“I like them.” And with that, she was up and getting in the line that quickly formed at the receptionist’s desk in the waiting room. It took a while to schedule the appointment and it was four weeks out, not at all what Lucy had hoped for.

The four weeks went fast for Zachary but  dragged by for Lucy. When the day finally came, she was beside herself. She expected more… much more… than what the first visit turned out to be. This was just a planning session, and she did get a prescription for Clomid.

The Clomid made her emotional and sensitive. The least little thing would set her off. There are the jokes about fighting over the cap on the toothpaste or the toilet seat left up. These became a reality around the house. Zachary wasn’t used to this. Lucy has always been very centered, very much in control and level-headed. It was the hormones talking, he knew, but it didn’t make it make sense.

Lucy also became much more regimented about sex. Not just when, but how. She wouldn’t be on top, which Zachary loved. She would only do missionary, and she would stick her legs up in the air afterwards to let gravity help things along. She started buying boxer shorts for Zachary because she heard it was good for increasing sperm count. She took various herbs and drank horrible smelling mixtures that were designed to increase fertility. A book was always on the nightstand, “Getting Knocked-Up!”


This was not fun anymore. They attempted In Utero fertilization two times with the Dewdys. Both times, it was unsuccessful. At this point, they had depleted the $7000 covered by insurance and they had a decision to make. Do they continue throwing money into the wishing well, hoping for a pregnancy, or do they consider alternatives.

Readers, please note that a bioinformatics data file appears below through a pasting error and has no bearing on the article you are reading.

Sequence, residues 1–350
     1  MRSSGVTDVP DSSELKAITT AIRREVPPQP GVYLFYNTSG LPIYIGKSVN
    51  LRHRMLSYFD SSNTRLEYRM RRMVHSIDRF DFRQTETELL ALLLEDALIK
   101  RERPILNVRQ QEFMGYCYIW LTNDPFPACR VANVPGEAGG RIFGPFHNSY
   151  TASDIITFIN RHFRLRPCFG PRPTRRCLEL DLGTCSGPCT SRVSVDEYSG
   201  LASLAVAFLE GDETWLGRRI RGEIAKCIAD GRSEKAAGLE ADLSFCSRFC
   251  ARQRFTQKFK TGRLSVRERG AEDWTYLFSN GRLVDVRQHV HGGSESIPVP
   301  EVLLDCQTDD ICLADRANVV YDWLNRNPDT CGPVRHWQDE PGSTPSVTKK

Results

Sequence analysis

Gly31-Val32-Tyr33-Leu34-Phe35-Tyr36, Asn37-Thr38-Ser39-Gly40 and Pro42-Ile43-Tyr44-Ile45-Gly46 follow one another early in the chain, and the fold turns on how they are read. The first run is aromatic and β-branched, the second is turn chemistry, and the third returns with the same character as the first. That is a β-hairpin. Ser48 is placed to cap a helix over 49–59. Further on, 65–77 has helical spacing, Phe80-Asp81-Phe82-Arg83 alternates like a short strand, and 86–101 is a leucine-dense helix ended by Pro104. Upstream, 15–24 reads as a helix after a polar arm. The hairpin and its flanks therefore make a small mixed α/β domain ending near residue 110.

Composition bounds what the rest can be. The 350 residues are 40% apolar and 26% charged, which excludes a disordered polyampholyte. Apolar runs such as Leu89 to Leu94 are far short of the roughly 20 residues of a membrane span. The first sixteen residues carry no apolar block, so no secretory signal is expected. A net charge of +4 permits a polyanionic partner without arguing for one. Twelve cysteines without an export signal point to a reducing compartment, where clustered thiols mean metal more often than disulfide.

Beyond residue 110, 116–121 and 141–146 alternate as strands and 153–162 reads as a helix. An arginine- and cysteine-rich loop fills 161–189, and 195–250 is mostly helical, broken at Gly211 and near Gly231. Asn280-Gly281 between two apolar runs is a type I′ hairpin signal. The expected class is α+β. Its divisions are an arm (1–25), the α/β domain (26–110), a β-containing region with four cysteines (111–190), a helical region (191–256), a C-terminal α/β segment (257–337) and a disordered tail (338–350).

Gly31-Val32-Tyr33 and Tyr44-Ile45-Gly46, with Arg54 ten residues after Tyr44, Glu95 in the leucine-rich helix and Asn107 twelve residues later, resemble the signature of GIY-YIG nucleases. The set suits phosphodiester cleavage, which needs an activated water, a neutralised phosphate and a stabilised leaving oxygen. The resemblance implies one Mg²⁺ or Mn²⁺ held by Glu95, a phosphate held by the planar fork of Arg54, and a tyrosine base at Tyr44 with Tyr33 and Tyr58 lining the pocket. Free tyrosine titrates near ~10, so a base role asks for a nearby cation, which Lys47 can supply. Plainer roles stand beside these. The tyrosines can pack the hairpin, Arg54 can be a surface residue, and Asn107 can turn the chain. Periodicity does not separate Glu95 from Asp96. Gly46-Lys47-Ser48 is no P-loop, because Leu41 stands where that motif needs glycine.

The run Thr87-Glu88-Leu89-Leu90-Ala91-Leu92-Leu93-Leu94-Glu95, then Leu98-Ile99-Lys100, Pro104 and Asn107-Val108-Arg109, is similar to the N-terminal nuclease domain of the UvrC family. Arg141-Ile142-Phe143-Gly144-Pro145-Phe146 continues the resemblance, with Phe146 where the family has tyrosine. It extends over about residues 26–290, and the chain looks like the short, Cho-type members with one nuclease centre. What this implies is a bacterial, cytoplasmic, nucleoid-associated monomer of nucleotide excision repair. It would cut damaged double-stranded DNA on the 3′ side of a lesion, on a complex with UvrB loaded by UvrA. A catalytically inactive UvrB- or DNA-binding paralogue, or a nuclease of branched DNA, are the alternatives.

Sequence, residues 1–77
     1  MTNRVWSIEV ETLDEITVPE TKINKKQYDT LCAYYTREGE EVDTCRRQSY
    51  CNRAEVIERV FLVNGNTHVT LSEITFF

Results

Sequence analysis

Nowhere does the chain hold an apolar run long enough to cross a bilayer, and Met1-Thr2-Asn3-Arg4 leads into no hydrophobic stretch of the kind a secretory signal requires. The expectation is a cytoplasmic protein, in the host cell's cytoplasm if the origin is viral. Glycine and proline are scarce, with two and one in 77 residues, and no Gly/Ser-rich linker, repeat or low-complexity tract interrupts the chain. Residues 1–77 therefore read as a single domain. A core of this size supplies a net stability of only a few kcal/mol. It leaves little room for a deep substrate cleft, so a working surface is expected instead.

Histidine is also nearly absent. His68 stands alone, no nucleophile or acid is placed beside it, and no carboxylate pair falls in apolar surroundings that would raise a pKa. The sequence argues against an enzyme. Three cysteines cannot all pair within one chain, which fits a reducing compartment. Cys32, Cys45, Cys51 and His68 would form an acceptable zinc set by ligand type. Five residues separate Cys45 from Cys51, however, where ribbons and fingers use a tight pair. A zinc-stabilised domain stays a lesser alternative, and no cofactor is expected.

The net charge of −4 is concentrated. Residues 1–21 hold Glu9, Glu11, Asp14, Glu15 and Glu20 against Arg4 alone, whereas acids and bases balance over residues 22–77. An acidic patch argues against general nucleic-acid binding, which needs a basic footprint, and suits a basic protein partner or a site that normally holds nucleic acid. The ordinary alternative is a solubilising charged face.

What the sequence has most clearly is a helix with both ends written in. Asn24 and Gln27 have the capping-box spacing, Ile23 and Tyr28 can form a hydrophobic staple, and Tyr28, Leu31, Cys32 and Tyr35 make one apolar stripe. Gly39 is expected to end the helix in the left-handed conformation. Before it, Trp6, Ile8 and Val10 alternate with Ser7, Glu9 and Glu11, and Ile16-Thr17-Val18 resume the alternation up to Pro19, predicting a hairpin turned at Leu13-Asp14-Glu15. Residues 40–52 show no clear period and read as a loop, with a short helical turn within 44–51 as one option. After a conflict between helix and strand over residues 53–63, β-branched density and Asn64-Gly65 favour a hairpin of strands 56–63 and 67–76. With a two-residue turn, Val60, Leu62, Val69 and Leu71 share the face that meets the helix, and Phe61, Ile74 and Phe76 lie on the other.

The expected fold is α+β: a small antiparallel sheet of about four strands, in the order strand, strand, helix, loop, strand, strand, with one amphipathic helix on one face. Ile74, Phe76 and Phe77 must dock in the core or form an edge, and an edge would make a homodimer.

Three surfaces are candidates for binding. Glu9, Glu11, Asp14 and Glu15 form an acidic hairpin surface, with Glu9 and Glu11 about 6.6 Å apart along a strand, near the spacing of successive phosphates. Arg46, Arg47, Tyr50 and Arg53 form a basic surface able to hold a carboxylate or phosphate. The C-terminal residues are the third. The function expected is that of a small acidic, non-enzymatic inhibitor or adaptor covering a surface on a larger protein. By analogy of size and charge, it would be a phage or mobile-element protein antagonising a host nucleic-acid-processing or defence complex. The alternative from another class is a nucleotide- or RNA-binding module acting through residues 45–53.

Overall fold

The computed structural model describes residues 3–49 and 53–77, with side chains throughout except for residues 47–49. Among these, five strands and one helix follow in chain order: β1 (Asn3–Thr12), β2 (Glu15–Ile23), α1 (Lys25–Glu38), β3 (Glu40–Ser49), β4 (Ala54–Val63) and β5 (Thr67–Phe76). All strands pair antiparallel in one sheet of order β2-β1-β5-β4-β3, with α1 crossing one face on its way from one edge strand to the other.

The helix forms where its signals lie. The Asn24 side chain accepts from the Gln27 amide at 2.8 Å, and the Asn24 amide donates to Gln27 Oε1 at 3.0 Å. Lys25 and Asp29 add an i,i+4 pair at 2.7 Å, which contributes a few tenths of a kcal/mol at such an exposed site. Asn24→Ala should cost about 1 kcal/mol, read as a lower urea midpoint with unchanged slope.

Zachary had brought up adoption one time earlier. It was after meeting the Dewdys and Lucy was on the Clomid. She was… emotional. Saying that, “maybe adoption was something they should consider” sounded to her like “YOU ARE BROKEN! YOU ARE INCAPABLE OF CONCIEVING A CHILD! IT’S ALL YOUR FAULT.” The suggestion escalated into a full-blown argument that somehow tied into Zachary not putting the garden hose away. He didn’t give the dogs fresh water. The trash in the kitchen was full. He left his dirty shirt on the floor.

The rule Zachary and Lucy lived by was ‘do not go to sleep angry with each other’, and both had a deep respect for this rule. On this night, it meant neither of them slept. They fought into the early morning. Each time it would start to wind down, one or the other would say something wrong or in the wrong way and the argument was started again.

Finally, Zachary agreed to never bring it up again. He apologized for implying she was not capable of child-bearing, even though that’s not what he meant at all. He took a big plate of “I am completely wrong” and ate it with gusto. Sometimes, this is the cost of harmony and he hated it, but he hated arguing with Lucy even more. He told himself that in the scheme of what is important, being right didn’t factor in this case. It wasn’t even about being right, it was about being understood. It was clear Lucy didn’t have an ear to hear it the way he meant it, and that was all there was to that. He reminded himself that Lucy has done the same thing for him on other occasions.

They made up and then made love, but it was disconnected; not the usual, gentle caressing. It was a good lay but when they were done, Zachary rolled over and went to sleep. They always cuddled afterwards, but not this time.